Once you’re into the homebuying process, the cost of your mortgage insurance will be noted on two pieces of paperwork that the lender is legally required to give you:
- In the “projected payments” section of the loan estimate, which you get when you apply for a mortgage and is helpful for comparing loans before you commit
- In the “projected payments” section of the closing disclosure, which is a final summary of your loan and its terms
(We’ve got samples of both documents for you in our Tools section.)
Can PMI go up?
No, hallelujah! Once you’ve finalized your mortgage, what you pay for PMI and MIP can't increase.
Can you pay the whole thing up front and be done with it?
Sometimes you can, if you get a conventional loan. If you expect to be in your home for a number of years, and your lender of choice offers this option, you might come out ahead. But of course you need to have the extra several thousand dollars in closing costs on hand.
Can you avoid mortgage insurance?
Probably not … but maybe, if you can get into one of a few special loan programs. The obvious best-case option is to put down 20 percent and get yourself into a conventional loan. Barring that rare-ish scenario:
- Some lenders offer options that waive PMI with as little as 10 percent down
- Some credit unions waive PMI for applicants who are strong on everything but the down payment
- Qualified veterans can sometimes get VA loans that are not only zero percent down, but also waive upfront fees
- Are you a doctor? Certain “physician’s loans” don’t require PMI
- A Bank of America partnership has created an “Affordable Loan Solution” mortgage for low- and moderate-income homebuyers that allows a low down payment without PMI
The thing to keep in mind with any program that supposedly waives PMI is long-term costs. Maybe there’s no PMI, per se, but is the interest rate higher instead? Is there some other upfront fee? For example, government-backed VA loans don’t require mortgage insurance, but in most cases you have to pay a “funding fee” either out-of-pocket or by rolling it into the loan. Sometimes, the trade-offs make sense. Sometimes, they don’t.
A homeownership advisor can help you zero in on special loans available in your area or according to your personal circumstances, calculate the real costs, and figure out the smartest option for your situation. We have a network of vetted homeownership advisors who are ready to help you.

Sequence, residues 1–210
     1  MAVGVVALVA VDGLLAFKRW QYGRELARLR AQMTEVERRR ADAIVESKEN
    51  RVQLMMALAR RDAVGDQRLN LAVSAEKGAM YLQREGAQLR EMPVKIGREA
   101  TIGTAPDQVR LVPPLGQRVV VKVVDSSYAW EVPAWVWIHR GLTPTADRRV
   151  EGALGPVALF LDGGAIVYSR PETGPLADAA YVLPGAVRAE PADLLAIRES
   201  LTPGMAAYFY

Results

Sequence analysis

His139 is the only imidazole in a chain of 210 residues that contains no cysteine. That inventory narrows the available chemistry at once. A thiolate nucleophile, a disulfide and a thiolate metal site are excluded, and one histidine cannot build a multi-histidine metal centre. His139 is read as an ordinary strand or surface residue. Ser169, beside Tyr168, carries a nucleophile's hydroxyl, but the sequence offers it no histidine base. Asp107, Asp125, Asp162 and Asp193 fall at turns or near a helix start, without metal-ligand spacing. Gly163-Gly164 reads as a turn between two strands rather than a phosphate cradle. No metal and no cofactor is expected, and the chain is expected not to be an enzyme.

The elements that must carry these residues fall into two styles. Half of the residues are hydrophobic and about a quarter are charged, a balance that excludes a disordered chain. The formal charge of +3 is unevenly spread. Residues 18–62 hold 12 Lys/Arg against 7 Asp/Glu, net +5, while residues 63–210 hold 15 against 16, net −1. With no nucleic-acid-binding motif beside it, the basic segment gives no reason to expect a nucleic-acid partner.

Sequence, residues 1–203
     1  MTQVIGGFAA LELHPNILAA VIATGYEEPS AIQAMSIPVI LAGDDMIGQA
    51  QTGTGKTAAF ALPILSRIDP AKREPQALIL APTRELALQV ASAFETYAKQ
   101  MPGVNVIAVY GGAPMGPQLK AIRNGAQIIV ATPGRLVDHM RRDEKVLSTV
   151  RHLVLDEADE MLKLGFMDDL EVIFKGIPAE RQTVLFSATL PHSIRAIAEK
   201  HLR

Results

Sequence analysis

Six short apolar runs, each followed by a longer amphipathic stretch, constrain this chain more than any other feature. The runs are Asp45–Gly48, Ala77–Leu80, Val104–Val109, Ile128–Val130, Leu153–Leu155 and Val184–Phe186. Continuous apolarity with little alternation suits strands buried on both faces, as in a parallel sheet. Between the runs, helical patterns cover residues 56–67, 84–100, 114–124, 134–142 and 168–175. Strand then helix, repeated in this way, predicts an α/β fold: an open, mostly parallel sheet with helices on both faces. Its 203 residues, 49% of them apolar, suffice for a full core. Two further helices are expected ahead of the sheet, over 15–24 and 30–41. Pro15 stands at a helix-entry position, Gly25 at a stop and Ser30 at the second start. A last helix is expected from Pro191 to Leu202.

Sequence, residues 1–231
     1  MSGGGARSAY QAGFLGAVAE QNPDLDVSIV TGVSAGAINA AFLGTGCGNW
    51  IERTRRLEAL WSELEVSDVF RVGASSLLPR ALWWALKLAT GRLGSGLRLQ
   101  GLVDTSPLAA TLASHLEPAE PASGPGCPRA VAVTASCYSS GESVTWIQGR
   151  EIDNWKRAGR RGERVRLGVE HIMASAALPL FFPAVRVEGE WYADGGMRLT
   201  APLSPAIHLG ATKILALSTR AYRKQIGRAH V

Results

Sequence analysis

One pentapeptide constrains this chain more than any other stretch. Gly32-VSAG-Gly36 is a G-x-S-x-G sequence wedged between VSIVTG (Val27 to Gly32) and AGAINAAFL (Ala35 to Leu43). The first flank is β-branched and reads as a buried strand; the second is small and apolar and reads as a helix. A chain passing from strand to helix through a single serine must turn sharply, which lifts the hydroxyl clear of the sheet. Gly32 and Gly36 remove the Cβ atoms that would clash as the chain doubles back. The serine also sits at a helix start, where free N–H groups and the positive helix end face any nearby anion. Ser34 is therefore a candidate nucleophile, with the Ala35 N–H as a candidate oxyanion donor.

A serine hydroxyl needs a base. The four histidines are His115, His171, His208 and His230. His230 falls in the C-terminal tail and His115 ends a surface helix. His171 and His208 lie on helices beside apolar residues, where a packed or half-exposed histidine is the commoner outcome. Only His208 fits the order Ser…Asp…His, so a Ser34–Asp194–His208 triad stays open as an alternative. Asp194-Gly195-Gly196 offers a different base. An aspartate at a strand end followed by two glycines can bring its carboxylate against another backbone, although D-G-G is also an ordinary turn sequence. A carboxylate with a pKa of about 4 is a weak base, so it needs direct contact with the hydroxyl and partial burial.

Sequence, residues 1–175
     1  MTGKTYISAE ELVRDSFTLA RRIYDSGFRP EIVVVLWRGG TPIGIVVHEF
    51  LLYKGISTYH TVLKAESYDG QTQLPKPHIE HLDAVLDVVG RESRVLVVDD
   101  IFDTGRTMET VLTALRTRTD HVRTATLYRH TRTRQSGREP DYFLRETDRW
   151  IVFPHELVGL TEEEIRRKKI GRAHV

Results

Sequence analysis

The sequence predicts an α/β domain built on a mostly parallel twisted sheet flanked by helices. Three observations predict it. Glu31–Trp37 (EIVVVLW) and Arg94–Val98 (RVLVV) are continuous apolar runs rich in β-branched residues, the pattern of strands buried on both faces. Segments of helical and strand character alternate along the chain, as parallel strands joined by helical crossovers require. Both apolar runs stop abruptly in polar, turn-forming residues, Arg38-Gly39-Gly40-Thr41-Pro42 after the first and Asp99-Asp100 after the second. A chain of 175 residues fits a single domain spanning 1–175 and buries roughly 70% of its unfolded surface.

What about a “piggy-back” loan?
Though common during the mortgage boom, this type of loan is rare now. It lets you avoid mortgage insurance by borrowing the money you need — usually at a higher interest rate — to make a 20 percent down payment. That’s right: you take out a second mortgage to make the down payment for the first. It’s another case where what looks like a good deal on the surface might not be in the end, so approach with care. To learn more, visit the CFPB.
What about “lender-paid mortgage insurance”?
As you can probably guess, the lender isn’t really paying the insurance. You are. This “LPMI” option isn’t that common. Not all lenders offer it, and you might not qualify for it. But FYI … Typically, LPMI lets you avoid a monthly PMI payment at the cost of a slightly higher interest rate, maybe a quarter to a half percent. This could come out to less than getting PMI separately, but not necessarily.
On the plus side:
- This option makes the most sense if your income is high — you might get a bigger tax deduction because of the higher interest rate. Mortgage interest is deductible, while at the moment PMI is deductible only if your income is on the lower side (see this TurboTax FAQ). Check with a tax expert, since tax rules are always changing.
- LPMI on a conventional loan might be less expensive than getting an FHA loan with MIP.
- You might qualify for a larger loan. Why? Although you might pay more in the long term, your monthly payment will probably be lower. Lenders pay a lot of attention to how much of your income is going toward debt.
On the negative side:
- Remember that you’ll be paying that higher interest rate for the life of the loan. It’s usually smarter to take the lower interest rate and deal with the PMI.
- You can cancel PMI when you reach 20 percent equity, but you can’t get out of the higher interest rate without refinancing.
READ NEXT: PMI isn’t forever. Check out our post on how to get rid of mortgage insurance.